Business guide to Coronavirus

Nine issues faced when maintaining a COVID safe workplace

With some businesses gearing up to reopen or moving employees back to offices, COVID safe planning and risk assessments are required to ensure a safe working environment for employees and customers.

Businesses are increasing the quality of workplace cleaning to address the coronavirus risks but have identified nine common issues when it comes to maintaining a COVID safe workplace. 

Advice from the experts

Australian office cleaning service, Cleancorp has had a surge of new enquiries for anti-viral cleaning services since the start of the pandemic. Lisa Macqueen – Director of Cleancorp reveals the most common organisational concerns that are driving the requests for its services. 

“June and July will be crucial months for many organisations, as a significant proportion of employees will begin to enter workplaces again. Organisations want to be doing everything they can to minimise the risk of infection in their premises to maximise employee safety,” said Lisa.

“A major component of organisational risk management is frequent and thorough anti-viral cleaning. Employers need to understand that old cleaning practices, such as merely wiping down surfaces and vacuuming floors, will be inadequate for keeping surfaces and touchpoints virus free. 

“Disinfection and sanitisation are now more important, with a particular focus on frequently touched surfaces such as door handles, light switches, lift buttons, railings, desks, toilets and microwaves.

“If organisations do not demonstrate they are providing a thoroughly clean and highly sanitised environment, they will struggle to win the confidence of their employees as they head back into their premises – and even the willingness of their employees to enter the workplace.”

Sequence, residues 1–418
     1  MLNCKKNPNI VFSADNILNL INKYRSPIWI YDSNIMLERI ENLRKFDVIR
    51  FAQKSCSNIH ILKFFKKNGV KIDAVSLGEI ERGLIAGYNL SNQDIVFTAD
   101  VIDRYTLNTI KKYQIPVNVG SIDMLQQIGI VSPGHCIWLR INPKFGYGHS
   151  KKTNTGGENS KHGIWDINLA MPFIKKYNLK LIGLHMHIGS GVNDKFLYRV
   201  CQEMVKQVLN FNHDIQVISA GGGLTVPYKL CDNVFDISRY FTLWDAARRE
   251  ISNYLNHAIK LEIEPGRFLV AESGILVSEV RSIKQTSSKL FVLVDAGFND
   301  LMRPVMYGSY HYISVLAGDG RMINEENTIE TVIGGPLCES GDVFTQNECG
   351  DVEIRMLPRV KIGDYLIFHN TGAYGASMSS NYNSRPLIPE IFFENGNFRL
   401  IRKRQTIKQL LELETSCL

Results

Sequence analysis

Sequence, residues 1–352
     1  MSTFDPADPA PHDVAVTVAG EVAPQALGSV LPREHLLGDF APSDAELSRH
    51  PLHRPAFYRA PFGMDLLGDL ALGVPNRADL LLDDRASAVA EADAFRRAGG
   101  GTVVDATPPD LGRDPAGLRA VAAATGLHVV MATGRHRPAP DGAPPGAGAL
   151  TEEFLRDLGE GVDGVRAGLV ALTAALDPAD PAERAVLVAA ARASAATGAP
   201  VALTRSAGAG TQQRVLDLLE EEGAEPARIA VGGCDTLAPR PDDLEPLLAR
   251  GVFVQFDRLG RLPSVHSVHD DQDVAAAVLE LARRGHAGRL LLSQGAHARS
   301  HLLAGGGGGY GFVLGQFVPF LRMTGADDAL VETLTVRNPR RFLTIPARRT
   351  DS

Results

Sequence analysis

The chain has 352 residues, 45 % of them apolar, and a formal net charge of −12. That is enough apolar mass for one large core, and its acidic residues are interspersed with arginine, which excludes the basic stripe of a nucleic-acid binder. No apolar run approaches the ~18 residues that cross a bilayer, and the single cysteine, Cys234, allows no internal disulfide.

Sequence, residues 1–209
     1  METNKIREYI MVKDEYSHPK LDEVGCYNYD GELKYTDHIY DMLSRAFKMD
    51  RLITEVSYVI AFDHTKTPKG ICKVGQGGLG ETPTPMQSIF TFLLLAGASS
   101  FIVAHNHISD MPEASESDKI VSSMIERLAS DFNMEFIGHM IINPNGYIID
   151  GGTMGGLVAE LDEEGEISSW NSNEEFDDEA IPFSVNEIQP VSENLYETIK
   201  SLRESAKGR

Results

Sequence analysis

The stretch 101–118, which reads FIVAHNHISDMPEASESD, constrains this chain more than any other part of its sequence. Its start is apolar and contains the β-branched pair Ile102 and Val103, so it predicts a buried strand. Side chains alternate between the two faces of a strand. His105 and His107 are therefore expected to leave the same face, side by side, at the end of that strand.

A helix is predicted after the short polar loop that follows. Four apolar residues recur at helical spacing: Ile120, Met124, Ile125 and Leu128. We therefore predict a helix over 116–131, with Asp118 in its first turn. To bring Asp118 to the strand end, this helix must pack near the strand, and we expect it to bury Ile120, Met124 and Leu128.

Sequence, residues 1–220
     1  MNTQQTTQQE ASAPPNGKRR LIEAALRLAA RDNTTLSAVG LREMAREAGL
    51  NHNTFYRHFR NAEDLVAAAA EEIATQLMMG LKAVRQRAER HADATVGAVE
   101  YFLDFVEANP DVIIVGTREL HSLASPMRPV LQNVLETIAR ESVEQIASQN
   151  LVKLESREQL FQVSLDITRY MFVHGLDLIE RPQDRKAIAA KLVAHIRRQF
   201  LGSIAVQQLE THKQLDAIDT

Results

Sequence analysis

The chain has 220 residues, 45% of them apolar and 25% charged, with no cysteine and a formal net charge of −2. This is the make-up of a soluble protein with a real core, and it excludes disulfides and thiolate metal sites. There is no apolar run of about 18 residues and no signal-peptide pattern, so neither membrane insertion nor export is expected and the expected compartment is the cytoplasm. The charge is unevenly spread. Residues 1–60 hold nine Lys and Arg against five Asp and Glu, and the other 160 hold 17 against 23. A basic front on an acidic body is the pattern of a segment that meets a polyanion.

COVID safe concerns

1. Open plan offices 

A recent study has shown workers in open plan workplaces have a 62% higher incidence of sick leave than those in private or shared cellular offices. Some organisations are concerned their office layout of shared desks, hot desks, meeting rooms, kitchens, dining areas and breakout spaces may no longer be safe to use and occupy.

Small closed-in pods with soft furnishings – surfaces that need to be steam-cleaned, often at considerable expense – will no longer be viable. 

“I believe COVID-19 could reverse the hot-desking trend and see organisations revert back to enclosed, single-person workstations to reduce risks of transmission,” said Lisa.

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2. Cross-contamination between departments

Business decision-makers are also concerned about potential COVID-19 breakouts spreading across their organisations. 

To minimise such a risk, Cleancorp recommends using colour-coded cleaning materials to ensure the same materials are not used between two different sites.

3. Risk of litigation

The Workplace Health & Safety Act requires employers to provide and maintain a work environment that is without risk to the health and safety of their workers. This includes protection from the risk of exposure to COVID-19 as far as ‘reasonably practical’.

Lisa has found many employers are concerned about the risk of litigation should an employee become infected with COVID-19 while at work and what the WHS implications are. 

For the same reasons, Lisa has found business owners are also worried about customers or visitors becoming infected while on their premises. She says employers have a duty to maintain the workplace and their facilities, and one of the best ways to do this is by organising for it to be cleaned regularly and thoroughly.